It has been decided to:reduce the cash reserve ratio (CRR) of scheduled banks by 75 basis points from 5.5 per cent to 4.75 per cent of their net demand and time liabilities (NDTL) effective the fortnight beginning March 10, 2012. This reduction will inject around `480 billion of primary liquidity into the banking system.
In order to mitigate tight liquidity conditions, the cash reserve ratio was reduced by 50 basis points in the Third Quarter Review (TQR) of January 2012, injecting primary liquidity of `315 billion into the banking system. The Reserve Bank also continued with the open market operations (OMOs), injecting primary liquidity of over `1,245 billion this financial year so far, of which `528 billion was injected after the TQR.
Despite these measures, the liquidity deficit has remained large on account of both structural and frictional factors. This was reflected in the net average borrowing under the Reserve Bank’s liquidity adjustment facility (LAF) rising from an average of `1,292 billion in January 2012 to `1,405 billion in February. Net injection of liquidity through LAF rose to a peak of `1,917 billion on March 1, 2012, though subsequently it declined to `1,273 billion on March 7, 2012.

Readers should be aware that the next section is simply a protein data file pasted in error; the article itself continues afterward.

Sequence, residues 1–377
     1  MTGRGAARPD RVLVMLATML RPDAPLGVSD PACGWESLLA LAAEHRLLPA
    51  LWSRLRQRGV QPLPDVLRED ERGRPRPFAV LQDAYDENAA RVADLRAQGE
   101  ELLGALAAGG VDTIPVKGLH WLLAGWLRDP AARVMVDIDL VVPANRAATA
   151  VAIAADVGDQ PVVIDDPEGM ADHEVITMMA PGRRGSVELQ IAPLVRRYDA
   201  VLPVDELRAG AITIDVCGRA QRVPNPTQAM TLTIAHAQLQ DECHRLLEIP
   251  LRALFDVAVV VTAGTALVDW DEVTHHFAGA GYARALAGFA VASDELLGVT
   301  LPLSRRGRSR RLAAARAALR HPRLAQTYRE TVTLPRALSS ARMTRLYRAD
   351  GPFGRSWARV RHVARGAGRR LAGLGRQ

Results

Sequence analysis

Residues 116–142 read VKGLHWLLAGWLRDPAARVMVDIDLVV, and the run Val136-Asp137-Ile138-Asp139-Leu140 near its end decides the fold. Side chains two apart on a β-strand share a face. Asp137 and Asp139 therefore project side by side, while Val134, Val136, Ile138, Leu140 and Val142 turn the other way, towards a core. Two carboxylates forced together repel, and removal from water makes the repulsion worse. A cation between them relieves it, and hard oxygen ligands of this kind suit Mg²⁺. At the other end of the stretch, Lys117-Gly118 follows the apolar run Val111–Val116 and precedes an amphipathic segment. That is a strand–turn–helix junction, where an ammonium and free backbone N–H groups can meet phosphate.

Further, the liquidity deficit is expected to increase significantly during the second week of March due to advance tax outflows and the usual frontloading of cash balances by banks with the Reserve Bank. Thus, the overall deficit in the system persists above the comfort level of the Reserve Bank. Accordingly, it has been decided to inject permanent primary liquidity into the system by reducing the CRR so as to ensure smooth flow of credit to productive sectors of the economy.
As already announced, the Reserve Bank will provide its assessment of the macroeconomic situation in its Mid-Quarter Review to be published on March 15, 2012.